Barry Goodall says talk a walkabout and check out “Long Weekend.” You’ll be thankful your relationship isn’t as bad as these two drongos and remember to  always keep the harpoon safety on during domestic disputes.

roadside attractions

  • Surfer skeet shooting
  • Bald eagle attack
  • Possum mugging
  • Sea cow stalking
  • Harpoon to the throat
  • Littering
  • kangaroo hit n’ run




A few good gushers but most of it’s from a wounded sea cow.




Australian topless sunbathing, it’s mandatory.




Snakes, sea cows, eagles, spiders, ants, birds, kangaroos, and a possum. It’s like a prison break at the Zoo.


Check out the trailer for “Long Weekend”



posted by Doktor | October 2, 2011 | 70's movies, B-movie Reviews, B-movies, foreign, Review by Doktor

Comments Off on A*P*E (Attacking Primate Monster)

Tagline: Ten Tons of Animal Fury Leaps from the Screen

Year: 1976 Runtime: 87 min

Director: Paul Leder

Writer: Paul Leder & Reuben Leder

Starring: Rod Arrants, Joanna Kerns, Alex Nicol

Let me start off by saying I don’t know how A*P*E is an acronym for Attacking Primate Monster. That was what IMDb listed as the title in Asia. Considering this movie, that acronym is perfect.

Anyhow, I just wanted to say that. Now to the review proper.

Not to be outdone in the Kaiju proliferation race, A*P*E is Korea’s version of King Kong, henceforth in this review to be called Korean King Kong. Korean King Kong is exactly like American King Kong, but different. Mostly, Korean King Kong’s filmmakers didn’t have the budget for special effects, mostly. This translates as some poor schmuck in a gorilla suit, forced perspective and G-scale models.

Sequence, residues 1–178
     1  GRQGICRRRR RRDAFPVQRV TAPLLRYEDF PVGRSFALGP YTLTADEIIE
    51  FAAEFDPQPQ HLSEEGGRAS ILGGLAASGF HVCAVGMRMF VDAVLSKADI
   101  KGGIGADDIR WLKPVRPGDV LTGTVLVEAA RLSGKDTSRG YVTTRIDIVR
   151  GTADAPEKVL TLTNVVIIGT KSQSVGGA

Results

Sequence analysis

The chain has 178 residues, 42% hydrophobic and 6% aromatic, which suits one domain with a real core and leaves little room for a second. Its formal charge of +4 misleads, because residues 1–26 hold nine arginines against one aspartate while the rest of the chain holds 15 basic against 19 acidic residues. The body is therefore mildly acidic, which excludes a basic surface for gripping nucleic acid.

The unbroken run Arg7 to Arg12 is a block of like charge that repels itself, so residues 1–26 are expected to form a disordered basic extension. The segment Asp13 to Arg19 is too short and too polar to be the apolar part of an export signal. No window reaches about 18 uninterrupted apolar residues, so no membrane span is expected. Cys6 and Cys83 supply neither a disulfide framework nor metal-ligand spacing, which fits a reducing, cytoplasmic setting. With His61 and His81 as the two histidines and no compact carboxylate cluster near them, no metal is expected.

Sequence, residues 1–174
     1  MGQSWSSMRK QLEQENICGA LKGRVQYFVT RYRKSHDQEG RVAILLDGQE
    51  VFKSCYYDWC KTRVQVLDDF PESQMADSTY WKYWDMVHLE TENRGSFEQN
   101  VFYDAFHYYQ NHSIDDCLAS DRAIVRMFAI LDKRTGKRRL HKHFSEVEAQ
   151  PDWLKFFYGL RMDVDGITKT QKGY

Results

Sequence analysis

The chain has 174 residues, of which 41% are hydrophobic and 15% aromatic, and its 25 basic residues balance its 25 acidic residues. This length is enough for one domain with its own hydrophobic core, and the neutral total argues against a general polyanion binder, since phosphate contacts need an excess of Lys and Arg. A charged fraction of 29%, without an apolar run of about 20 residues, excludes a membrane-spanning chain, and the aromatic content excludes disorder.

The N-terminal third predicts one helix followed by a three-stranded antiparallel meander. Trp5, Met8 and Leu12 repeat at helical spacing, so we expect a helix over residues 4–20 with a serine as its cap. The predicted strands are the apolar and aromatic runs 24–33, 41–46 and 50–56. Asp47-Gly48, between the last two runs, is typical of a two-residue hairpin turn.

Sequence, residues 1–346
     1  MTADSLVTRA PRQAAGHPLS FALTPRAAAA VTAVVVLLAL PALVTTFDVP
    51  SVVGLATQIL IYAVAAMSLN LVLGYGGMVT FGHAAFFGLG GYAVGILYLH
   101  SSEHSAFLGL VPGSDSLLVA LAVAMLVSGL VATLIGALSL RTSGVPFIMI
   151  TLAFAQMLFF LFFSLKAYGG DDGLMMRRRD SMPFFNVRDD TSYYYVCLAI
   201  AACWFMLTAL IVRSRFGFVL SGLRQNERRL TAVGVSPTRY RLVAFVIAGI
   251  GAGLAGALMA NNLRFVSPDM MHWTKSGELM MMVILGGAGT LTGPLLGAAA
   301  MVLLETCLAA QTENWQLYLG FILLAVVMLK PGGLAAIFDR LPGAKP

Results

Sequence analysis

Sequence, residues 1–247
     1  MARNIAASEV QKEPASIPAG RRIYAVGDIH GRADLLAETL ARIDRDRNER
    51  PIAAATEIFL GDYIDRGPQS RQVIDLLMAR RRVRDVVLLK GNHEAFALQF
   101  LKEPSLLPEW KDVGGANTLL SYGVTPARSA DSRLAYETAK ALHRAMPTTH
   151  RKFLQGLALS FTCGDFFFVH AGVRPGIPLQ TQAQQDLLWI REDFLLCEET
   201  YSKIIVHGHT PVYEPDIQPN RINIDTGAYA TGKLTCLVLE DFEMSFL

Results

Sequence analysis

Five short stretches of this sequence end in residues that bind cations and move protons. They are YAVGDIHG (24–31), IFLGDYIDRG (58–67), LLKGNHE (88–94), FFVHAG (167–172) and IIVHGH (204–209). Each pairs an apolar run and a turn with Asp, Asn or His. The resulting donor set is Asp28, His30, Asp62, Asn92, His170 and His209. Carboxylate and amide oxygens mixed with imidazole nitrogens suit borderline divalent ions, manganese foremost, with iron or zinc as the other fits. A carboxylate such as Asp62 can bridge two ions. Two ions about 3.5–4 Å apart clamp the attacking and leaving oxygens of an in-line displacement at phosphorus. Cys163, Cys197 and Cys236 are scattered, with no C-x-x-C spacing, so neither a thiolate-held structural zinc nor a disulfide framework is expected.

So, add this to the list of films made because someone knew someone who owned a gorilla suit.

Korean King Kong also has a special super power, Maggie Seavers Fever. The symptom, I mean ability, of his super power allows Korean King Kong to home in on the precise location of Maggie Seavers no matter where she is—so long as she’s Seoul, South Korea, of course.

Oh, yeah, by the way, Maggie Seavers is the blonde love interest for Korean King Kong.

Speaking of South Korea, how does anyone live there? That question is not a slam against the people, or the land or anything like that. My question comes from my genuine concern about the explosive nature of everything in South Korea: concrete and steel buildings, cashier checks, rock, pot noodles, lambs, everything. Even the water explodes.

No wonder Kim Jong Il is so pissed off. I would be too.

I don’t want to sound like I’m solely picking on the Koreans in this film. There are far greater defuses, namely the US army. Specifically, why in the hell would helicopters buzz Korean King Kong? Did the army forget that they can hover well out of reach? Well, uhm, duh. The answer is obviously yes, since they buzzed Korean King Kong instead of hovering safely out of reach. Idiots.

Finally, to return to our ingenue, whereas I loved Maggie Seavers in Growing Pains, her acting strength is not as a Scream Queen. Every time she goes into her frantic shrieking, I wanted to claw my ears out. As I’m on blood thinners, I decided it would be better to just mute the TV.

roadside attractions

  • Miniature boat explosion.
  • Wonton model destruction.
  • Korean King Kong wrasslin’ with a dead shark.
  • Korean King Kong throws snake at camera (and hits it)
  • Korean King Kong stepping over toy cow.
  • Korean King Kong playing with hang glider.
  • Korean King Kong flipping off army helicopter.
  • Joanna “Maggie Seavers” Kerns as Korean King Kong’s blonde love interest.
  • Familyland (Korea’s answer to Disneyland)
  • Lots of riveting evacuation action.
  • Lots of riveting troop deployment action.
  • Korean King Kong scale keeps changing.




Technically 0, but what it lacked in blood it made up for in explosions